On October 8, 1994, about 1030 hours mountain daylight time, N21LJ, a Larsen Avid Heavy Hauler home built airplane, operated by the owner/pilot, was substantially damaged during a forced landing in Nampa, Idaho. The forced landing was precipitated by a loss of engine power during climb. The private pilot and his passenger received minor injuries. Visual meteorological conditions prevailed and a flight plan was not filed. The personal flight departed from Nampa and was conducted under 14 CFR 91. Use your browsers 'back' function to return to synopsisReturn to Query Page
The pilot stated that the engine failed about 250 feet above the ground while on climbout after takeoff from the Nampa Municipal Airport. The pilot attempted to re-start the engine, but to no avail. The pilot stated that he then was forced to land in a rough field located about one mile from the airport. The airplane impacted the rough field and was substantially damaged.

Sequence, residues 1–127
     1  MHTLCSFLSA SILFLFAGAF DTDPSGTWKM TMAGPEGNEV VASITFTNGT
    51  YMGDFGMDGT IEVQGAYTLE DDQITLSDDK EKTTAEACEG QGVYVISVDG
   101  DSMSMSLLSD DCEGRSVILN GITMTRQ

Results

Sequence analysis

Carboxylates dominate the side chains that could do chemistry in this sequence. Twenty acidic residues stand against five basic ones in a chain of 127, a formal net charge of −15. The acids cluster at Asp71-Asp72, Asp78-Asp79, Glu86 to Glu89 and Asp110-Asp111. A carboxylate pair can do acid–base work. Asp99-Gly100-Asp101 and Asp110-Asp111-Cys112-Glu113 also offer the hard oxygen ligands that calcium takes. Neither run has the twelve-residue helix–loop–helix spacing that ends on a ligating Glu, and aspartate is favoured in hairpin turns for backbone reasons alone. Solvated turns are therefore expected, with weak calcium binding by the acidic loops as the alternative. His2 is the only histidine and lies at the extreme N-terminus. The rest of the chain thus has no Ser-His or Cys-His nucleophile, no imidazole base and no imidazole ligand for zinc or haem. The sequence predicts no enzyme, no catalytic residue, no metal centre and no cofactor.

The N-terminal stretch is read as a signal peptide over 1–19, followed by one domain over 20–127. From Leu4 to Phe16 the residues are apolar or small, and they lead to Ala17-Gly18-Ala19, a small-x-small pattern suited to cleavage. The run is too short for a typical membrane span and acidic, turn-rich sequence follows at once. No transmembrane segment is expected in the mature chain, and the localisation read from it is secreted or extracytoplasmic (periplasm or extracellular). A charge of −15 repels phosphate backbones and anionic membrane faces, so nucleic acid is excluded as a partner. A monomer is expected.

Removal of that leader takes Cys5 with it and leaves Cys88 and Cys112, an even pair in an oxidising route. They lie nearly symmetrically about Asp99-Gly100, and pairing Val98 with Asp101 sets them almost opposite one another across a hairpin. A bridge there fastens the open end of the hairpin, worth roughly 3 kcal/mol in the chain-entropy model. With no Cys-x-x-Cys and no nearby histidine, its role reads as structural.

The wreckage was examined at the accident site by an FAA Aviation Safety Inspector from Boise, Idaho. According to the inspector, fuel was found in both wings and both engine carburetor float bowls. No evidence of fuel contamination was found. Oil was found in the oil injectors. The ignition system was functionally tested via the starter and spark plugs with no abnormalities noted. The Rotax engine was rotated by hand; it was free to turn with no internal stoppage noted. No pre-impact mechanical malfunctions were found during the examination of the airframe and engine.